Oh yeah, absolutely. The nice thing about the biracial influence of the guys is that it allows the show to have an outsider’s perspective on both races, because they both have felt like outsiders for much of their lives. It lets us explore what it’s like for black men who are ostracized for not being “black enough,” which is a viewpoint I haven’t seen much of on television. But again, the conversation on race was always secondary to just having a point of view that comes through in the comedy. We operated in a meritocracy of humor. Whatever served the comedy was what stayed in the scenes. I added to that by always giving my honest opinion about what worked and what didn’t. We all got outvoted at one point or another about a direction to take a joke or a performance, and that is good for the show.

As a director, what’s something you’ve done on K&P that we haven’t seen in a sketch show before. Like, literally or spiritually.

I’m really proud of what we were able to accomplish on the show. Our schedule was incredibly tight, we shot around 60 sketches, 187 pages worth of stuff, in 23 days of production, which only finished in November, so post-production was incredibly fast as well. We averaged something like 8 pages a day, which is a ton for a show like this, but we still have terrific performances, smart writing, and a very sharp aesthetic sensibility. I always wanted to approach the scenes as creatively as possible, and the writers did a fantastic job of giving me challenges, like these two scenes that were written to be one long unbroken steadicam shot. Then there’s the small details, the things that 90% of people won’t notice. One that I fought for and won, which no Comedy Central show has ever been allowed to do before, is have certain sketches in widescreen scope letterbox format, which probably sounds insignificant but again, sets the show apart. Little visual touches like that are crucial tools for me to be able to place the viewer in a familiar and recognizable setting as quickly as possible, which allows the comedy to develop quicker, and be more grounded and relatable.

We also have the live performance aspect, which is a big part of the show, and I wanted to find a way to give it its own unique look and personality. I watched a ton of live comedy specials to see what worked and what didn’t. I eventually found this Funny People stand-up special that Comedy Central aired when the movie came out. It was shot by Janusz Kaminski, and it was the most gorgeous stand-up special I’d ever seen. We borrowed some of those ideas for how we shot our live segments, but modified it both for the tone of the show as well as the fact that we have two hosts, which lends it a more conversational, improv-based approach. The guys are naturally charming, and that comes through in our live pieces.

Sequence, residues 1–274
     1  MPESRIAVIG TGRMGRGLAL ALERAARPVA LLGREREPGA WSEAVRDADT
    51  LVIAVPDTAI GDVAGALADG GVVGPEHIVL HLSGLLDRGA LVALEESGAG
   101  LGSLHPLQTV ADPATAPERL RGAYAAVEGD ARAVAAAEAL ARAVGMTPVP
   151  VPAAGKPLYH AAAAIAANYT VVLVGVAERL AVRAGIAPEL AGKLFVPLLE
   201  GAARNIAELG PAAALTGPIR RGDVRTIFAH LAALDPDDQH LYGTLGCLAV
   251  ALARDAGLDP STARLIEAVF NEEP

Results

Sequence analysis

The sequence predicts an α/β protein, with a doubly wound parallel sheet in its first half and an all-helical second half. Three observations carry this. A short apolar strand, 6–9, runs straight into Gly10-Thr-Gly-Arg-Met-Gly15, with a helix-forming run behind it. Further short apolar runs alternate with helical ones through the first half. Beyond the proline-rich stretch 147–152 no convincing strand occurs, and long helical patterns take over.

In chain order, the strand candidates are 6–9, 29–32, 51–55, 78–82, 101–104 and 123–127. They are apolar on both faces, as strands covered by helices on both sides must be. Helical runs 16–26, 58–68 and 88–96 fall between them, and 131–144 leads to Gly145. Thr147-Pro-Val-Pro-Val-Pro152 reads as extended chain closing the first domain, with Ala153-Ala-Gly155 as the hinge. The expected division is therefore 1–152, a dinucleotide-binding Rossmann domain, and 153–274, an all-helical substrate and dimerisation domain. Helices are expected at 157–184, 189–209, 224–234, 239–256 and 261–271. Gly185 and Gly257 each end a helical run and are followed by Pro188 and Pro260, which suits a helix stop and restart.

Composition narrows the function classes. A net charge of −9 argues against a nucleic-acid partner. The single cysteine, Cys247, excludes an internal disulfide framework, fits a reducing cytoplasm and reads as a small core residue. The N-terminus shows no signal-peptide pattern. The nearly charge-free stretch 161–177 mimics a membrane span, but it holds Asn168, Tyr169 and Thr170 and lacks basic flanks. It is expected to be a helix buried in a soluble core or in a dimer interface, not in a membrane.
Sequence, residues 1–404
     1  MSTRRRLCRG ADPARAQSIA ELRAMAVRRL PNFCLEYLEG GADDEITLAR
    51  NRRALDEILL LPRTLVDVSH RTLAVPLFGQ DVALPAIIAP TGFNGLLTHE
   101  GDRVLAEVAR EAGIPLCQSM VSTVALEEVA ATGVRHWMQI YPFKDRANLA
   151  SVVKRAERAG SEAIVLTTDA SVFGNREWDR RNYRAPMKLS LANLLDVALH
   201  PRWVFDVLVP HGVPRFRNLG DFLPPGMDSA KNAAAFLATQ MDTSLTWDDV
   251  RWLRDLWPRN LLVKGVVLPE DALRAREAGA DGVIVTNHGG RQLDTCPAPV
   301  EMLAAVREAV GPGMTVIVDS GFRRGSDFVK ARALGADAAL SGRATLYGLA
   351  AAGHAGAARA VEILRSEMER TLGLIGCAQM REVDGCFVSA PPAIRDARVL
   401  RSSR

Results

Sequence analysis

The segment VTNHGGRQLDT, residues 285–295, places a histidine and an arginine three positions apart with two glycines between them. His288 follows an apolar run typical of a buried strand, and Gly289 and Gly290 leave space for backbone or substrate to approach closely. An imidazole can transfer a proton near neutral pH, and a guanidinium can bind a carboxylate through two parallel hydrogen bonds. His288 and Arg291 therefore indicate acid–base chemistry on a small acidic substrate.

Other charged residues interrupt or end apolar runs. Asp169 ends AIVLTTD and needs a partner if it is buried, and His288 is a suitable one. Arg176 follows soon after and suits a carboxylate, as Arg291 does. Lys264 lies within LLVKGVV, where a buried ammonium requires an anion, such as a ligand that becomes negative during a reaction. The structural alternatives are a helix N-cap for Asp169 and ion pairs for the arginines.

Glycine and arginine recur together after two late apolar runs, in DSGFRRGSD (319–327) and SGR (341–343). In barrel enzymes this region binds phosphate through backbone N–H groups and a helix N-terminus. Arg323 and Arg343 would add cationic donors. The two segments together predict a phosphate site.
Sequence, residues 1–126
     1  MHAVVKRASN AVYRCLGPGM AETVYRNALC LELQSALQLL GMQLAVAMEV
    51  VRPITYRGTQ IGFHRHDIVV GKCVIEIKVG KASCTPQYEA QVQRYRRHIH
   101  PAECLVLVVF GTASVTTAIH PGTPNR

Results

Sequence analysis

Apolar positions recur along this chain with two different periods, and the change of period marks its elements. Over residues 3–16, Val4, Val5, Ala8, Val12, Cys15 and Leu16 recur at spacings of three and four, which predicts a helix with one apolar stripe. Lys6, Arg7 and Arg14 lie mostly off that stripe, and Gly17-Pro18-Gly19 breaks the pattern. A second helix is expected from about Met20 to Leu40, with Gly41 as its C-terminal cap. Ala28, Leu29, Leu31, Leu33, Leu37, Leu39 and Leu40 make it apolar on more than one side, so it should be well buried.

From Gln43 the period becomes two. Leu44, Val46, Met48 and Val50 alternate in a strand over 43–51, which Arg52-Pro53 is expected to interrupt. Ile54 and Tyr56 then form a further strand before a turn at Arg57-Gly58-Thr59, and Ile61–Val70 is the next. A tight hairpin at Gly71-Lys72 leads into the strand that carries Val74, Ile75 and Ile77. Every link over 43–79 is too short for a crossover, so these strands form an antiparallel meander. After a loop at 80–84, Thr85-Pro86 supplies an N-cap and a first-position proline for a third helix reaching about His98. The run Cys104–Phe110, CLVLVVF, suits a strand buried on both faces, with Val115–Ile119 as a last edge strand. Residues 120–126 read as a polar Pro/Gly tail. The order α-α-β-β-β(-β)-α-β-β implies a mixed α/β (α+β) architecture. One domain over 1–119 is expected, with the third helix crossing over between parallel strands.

But I’m most excited about something that isn’t on the show: canned laughter. There was lots of discussion and hand-wringing about whether to have the live audience’s laughter audible when the sketches are playing, yet ultimately we decided against it. Hearing laughs over things that are shot single-camera style, as all our sketches are, in my opinion really hurts the comedy. It talks down to the viewer’s intelligence, it says you’re not smart or aware enough to get the jokes, so we’ll hold your hand through this and tell you where to laugh. One of the things I like about our show is that different people find different things funny, there are a lot of subtle jokes that a laugh track would have just steamrolled over. Thanks to the internet and sites like Funny Or Die and CollegeHumor, I think people are more attuned than ever before to the idea of sketches without audience laughs. Having them in feels old-fashioned, and did not fit the material. You can’t imagine something like “Flicker” or “Das Negros” (two of the big filmic sketches) having laughs over them.

In choosing the sketches for each episode, was there a deliberate balance you tried to strike? Like one part satire, one part raunchy, one part bizarre?

Absolutely, the forming of episodes was something we obsessed over. We shot over 60 sketches for the 8 episodes of the season, and we tried to establish a nice balance of material for each one. We’ve got a good blend of blackout-style sketches, which hit hard and fast; we’ve got more traditional sketches based on a simple idea that escalates to a big finish; and finally we’ve got longer, large-scale filmic sketches, some of which are really bizarre and were a ton of fun to make. Those were the ones where I got to play the most, and consequently they’re the ones I’m proudest of. It took a lot of work to make the season as a whole even and consistent.

Now a more refined question about race: who are three black women you would like to wife and why?

Okay, I’m not going to answer this question. Not because it’s offensive or anything, but because there is only one correct answer, not three. It is clearly Grace Jones. Grace Jones is a perfect specimen, and the only time it’s been accurate to call a beauty “terrifying.” She’s probably not even a human being, but a member of an elder race that came from the future to teach us to love each other. She’s like that blue diva opera singer in The Fifth Element. Am I insinuating that Grace Jones is hiding magical stones inside her abdomen? Yes. And I want those stones.

Natasha Vargas-Cooper is a journalist based in Los Angeles. She’s been published in the New York Times, Atlantic Monthly, The Awl, and elsewhere.

Talking Key and Peele with Series Director Peter […]